From escaping house arrest while on assignment to becoming the first female panelist on TV’s Meet the Press, Ida Lewis has leapt over obstacles to establish a brilliant career.
By Julie Rattey
Above: Ida Lewis in her home in New York City. Photo by Conor Doherty
“Stop her! Stop her!” Ida Lewis’s luck had run out. In 1964, on assignment for Life magazine in East Africa, she was investigating what she calls “a government entanglement” and had irritated the Tanzanian government by contacting some persona non grata. She was just about to board a plane to Zanzibar when she heard the shouts. Three men were racing toward the plane. Believing her to be a spy, the officials took her passport and told her she would be held for three days at a hotel “as a guest of the government.” But Lewis (DGE’54, COM’56), determined to finish her story, snuck out of the hotel and headed straight to the American Embassy for a new passport. Then she went right back to interviewing. Life published her article, “Black Mask of Angry Africa,” in its April 2, 1965, edition.
Looking back at her 20-something self, Lewis says, “When you’re young, you don’t realize reporting is as difficult as it is. You’re fearless. You don’t think it can be dangerous until you really get involved in what you’re doing. Then you realize, ‘My God, this is a matter of life and death.’ ”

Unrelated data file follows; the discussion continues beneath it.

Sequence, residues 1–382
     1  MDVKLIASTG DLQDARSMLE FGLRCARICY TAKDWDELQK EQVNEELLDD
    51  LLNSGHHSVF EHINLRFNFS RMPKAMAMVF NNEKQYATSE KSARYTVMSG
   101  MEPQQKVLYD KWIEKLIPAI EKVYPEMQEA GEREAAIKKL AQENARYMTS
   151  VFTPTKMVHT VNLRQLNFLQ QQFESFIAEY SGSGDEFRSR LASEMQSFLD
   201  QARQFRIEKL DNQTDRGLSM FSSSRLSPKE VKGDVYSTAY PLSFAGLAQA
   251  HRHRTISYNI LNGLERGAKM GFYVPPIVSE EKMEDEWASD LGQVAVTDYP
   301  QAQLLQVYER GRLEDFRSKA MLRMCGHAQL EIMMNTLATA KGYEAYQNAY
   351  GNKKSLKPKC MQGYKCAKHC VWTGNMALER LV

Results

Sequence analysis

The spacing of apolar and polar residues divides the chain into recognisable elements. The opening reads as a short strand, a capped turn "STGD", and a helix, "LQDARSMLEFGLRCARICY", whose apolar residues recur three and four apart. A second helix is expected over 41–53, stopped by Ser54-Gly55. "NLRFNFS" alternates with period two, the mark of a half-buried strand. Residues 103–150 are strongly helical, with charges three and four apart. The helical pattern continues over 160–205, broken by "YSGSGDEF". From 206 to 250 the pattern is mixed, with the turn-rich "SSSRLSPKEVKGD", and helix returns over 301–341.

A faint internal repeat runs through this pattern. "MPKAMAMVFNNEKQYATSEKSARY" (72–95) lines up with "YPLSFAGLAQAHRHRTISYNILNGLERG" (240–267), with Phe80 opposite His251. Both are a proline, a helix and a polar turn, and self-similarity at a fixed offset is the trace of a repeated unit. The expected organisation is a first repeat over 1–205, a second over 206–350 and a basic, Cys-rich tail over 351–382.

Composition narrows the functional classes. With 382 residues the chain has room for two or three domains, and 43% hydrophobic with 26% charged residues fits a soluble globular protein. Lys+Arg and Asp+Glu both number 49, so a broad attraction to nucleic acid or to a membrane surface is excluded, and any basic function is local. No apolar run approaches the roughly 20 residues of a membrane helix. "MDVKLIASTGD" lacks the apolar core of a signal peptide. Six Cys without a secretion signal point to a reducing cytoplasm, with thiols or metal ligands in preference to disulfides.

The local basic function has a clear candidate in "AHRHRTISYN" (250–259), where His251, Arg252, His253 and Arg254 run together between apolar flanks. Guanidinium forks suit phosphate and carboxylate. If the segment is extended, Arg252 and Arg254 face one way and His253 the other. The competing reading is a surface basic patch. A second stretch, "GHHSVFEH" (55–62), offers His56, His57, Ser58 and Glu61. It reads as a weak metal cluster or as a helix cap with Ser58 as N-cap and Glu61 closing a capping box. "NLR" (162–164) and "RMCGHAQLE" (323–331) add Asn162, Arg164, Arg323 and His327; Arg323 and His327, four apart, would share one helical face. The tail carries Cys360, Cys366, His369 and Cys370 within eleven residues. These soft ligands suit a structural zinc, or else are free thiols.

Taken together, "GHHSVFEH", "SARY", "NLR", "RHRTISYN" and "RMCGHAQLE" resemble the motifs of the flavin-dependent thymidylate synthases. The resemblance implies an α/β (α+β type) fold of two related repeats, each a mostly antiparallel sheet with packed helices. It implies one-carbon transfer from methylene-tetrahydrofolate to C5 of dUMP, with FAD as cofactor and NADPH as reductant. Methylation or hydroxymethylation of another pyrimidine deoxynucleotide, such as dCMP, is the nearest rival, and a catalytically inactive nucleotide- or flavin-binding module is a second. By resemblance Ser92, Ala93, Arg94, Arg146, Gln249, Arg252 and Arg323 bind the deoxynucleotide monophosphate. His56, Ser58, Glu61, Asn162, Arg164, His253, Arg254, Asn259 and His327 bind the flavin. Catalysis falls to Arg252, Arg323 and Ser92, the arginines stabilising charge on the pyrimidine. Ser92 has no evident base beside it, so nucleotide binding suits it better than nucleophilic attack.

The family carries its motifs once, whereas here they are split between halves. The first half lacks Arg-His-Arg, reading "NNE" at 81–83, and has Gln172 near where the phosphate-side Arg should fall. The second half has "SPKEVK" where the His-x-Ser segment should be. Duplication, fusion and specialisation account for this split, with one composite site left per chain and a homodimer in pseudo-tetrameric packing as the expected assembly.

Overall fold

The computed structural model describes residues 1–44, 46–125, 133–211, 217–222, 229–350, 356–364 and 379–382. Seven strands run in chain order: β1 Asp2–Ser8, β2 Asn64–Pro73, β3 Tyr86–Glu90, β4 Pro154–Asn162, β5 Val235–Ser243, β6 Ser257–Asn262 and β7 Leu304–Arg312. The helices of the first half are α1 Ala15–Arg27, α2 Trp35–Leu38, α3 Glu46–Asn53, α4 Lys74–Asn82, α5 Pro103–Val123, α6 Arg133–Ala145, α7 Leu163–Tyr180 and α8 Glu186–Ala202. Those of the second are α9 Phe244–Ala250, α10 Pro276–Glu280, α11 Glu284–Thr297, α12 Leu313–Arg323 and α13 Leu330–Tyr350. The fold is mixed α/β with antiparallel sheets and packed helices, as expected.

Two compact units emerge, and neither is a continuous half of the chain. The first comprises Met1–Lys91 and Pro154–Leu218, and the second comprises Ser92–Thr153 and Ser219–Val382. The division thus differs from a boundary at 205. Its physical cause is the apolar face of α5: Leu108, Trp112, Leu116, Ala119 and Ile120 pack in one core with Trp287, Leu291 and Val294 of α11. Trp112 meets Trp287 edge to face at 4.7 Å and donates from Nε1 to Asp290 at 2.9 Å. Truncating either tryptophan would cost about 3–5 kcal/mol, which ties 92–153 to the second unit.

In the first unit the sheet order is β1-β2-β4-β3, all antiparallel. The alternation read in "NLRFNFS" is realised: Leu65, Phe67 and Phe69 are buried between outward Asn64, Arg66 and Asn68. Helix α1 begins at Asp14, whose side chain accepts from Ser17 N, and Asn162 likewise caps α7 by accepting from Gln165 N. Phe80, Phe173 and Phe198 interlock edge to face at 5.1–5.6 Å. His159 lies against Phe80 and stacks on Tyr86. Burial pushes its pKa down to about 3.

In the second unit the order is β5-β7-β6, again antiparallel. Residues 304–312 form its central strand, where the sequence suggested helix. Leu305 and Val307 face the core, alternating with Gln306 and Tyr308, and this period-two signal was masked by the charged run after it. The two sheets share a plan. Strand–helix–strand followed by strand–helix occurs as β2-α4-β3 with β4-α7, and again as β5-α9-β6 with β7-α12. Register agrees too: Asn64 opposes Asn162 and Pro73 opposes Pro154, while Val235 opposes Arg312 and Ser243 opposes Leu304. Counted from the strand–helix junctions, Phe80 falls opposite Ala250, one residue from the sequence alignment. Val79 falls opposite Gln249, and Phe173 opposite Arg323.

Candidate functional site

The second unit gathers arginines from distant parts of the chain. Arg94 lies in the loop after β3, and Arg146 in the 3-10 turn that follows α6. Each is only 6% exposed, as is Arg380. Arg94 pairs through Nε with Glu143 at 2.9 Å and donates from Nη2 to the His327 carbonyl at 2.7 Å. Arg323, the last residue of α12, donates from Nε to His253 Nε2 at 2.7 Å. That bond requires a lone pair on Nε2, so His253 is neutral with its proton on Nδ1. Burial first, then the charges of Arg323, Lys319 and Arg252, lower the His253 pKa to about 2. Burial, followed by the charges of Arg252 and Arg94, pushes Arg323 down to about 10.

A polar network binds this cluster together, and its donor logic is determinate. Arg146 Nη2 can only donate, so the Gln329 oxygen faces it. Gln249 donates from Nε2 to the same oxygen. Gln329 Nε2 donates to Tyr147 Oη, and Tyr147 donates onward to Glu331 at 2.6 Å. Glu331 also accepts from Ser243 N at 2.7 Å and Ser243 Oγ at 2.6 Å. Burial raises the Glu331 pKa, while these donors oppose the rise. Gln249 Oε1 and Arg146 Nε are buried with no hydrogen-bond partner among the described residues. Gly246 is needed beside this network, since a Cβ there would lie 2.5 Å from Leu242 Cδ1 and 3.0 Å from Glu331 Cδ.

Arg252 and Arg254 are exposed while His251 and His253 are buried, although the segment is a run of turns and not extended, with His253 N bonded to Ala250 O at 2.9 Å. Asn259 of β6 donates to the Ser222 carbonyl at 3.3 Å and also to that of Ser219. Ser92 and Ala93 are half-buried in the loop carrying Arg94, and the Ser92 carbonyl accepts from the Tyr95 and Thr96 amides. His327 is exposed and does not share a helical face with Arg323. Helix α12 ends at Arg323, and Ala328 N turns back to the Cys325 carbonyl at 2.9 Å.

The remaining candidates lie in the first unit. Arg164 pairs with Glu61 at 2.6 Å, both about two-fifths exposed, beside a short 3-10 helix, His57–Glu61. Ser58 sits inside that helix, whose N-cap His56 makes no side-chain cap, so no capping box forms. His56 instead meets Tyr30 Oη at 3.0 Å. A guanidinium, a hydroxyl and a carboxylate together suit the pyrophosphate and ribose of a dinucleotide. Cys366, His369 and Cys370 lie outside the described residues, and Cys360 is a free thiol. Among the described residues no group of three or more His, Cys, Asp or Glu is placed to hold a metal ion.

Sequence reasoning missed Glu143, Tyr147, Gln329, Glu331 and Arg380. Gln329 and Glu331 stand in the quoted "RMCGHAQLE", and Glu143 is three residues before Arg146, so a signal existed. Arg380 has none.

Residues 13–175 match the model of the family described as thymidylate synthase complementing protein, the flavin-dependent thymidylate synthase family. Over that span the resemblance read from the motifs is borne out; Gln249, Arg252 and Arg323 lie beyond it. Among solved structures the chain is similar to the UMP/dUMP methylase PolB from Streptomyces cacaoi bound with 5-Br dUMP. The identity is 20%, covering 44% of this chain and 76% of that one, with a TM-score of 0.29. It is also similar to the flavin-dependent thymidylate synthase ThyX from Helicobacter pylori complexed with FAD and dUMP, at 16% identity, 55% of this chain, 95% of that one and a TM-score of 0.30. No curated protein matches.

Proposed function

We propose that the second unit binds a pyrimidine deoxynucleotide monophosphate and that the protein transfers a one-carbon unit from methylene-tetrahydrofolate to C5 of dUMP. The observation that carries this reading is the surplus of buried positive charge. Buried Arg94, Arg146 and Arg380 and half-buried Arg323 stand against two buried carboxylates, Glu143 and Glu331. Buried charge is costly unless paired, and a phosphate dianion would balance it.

Lewis has made a habit of achieving what she sets her mind to, no matter the obstacle. “Whatever I’ve set out to do, I’ve done,” she says. She was a Paris correspondent for publications including Life and the New York Times, became editor-in-chief of Essence magazine and was the first black female panelist on TV’s Meet the Press. For launching the newsmagazine Encore, she’s been heralded as the first African American woman to publish a national magazine. She worked as a media consultant on Ross Perot’s (Hon.’94) 1992 presidential campaign and, in 1998, became editor-in-chief of NAACP’s magazine the Crisis. She considers interviewing South African politician Winnie Mandela as one of the highlights of her career, along with the Life assignment in Africa. Of the latter, she says, “That piece was my greatest challenge and one of the best things that I’ve ever done.”